The idea of “fake it until you make it” can be a very useful one that leads you to success some of the time, and it can be a disastrous one that leads you down an incredibly dangerous path at other times. The trick is knowing which is which.
First, let’s take a look at what the phrase actually means. It’s simply a way of saying that you should take on some attributes of success before you achieve that success. Often, the presence of those successful attributes can help you to achieve that success that you desire.
Some of the time, this works well. For example, one of the best ways to achieve success in the workplace is to take on the professional attributes of the people who have achieved what you want to achieve. What did they do to make it to their level of success? If you can emulate those attributes, even if they don’t come naturally to you, you can not only teach yourself to have them naturally, you can display those attributes to others which can help further your career.
At other times, it can open you up to significant risk. For example, some people use the idea of “fake it until you make it” as a reason to buy expensive clothing so that they can “dress the part” or drive an expensive car.
In a few narrow cases, “dressing the part” can be a great help. If your job revolves around influencing others, particularly those who are easily influenced by a nice suit or a shiny car, then “faking it until you make it” can really help.
Most of the time, our career success isn’t judged by those standards. We’re judged by our work output. You can dress in Armani if you wish, but if you don’t produce results, it doesn’t matter what you’re wearing.
In other words, the vast majority of the time, the idea of “fake it until you make it” isn’t an excuse to spend. You might impress a little bit with some beautiful clothes, but you’re much more likely to make an impact with your work output and your professional traits.
A $200 power tie isn’t going to matter too much compared to the guy who can lower the stress of his coworkers and bring his team together.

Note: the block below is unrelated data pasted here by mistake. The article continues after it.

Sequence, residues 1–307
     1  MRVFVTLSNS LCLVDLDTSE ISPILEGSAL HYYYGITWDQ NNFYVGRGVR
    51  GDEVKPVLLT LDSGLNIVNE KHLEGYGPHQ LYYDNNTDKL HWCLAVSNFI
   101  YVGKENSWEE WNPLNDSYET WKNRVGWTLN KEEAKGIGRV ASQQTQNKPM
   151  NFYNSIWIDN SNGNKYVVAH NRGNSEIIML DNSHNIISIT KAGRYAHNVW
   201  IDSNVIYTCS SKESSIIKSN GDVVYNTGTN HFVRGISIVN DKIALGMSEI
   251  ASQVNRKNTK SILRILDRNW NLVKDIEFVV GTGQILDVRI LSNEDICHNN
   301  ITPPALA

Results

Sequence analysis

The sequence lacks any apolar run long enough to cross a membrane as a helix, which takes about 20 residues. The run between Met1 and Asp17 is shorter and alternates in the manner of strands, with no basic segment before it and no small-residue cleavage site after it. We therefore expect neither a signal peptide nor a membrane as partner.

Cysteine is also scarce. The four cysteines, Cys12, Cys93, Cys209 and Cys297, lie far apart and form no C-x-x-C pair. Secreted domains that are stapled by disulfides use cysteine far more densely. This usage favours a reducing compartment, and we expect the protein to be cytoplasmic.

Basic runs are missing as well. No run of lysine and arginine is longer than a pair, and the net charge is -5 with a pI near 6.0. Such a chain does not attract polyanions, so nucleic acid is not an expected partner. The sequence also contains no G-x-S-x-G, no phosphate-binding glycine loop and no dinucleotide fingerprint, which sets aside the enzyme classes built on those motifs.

A shiny car in the parking lot might be cool, but if the guy who drives a rusty Honda Civic can write more reliable code than you, he’s going to be the guy who sticks around.
An amazing watch might look wonderful on your wrist and might earn a second glance, but the person who produces great work when needed with an eye toward the company’s bottom line is going to be the person who keeps their attention.
Your power suit is amazing, but the woman who creates a design that wows the customer is going to be the one getting the accolades.
In other words, if you’re going to try to fake it, try “faking” the positive professional attributes of the people who are most successful in your career path. Better yet, keep trying to “fake it” until those attributes seem natural to you.
If you want to figure out what makes other people successful, it’s not their suit or their car or their tie or their watch. It’s their talents and skills and how they work with them. That’s what you need to emulate and strive for.
If you want to “fake it until you make it,” push yourself a little beyond your current skills. Get in a little over your head, but get there because you have some skill and you’re willing to bring more to back it up.
In the end, it is always the skills that pay the bills. A power suit or an expensive watch usually just takes money out of your pocket and increases your stress.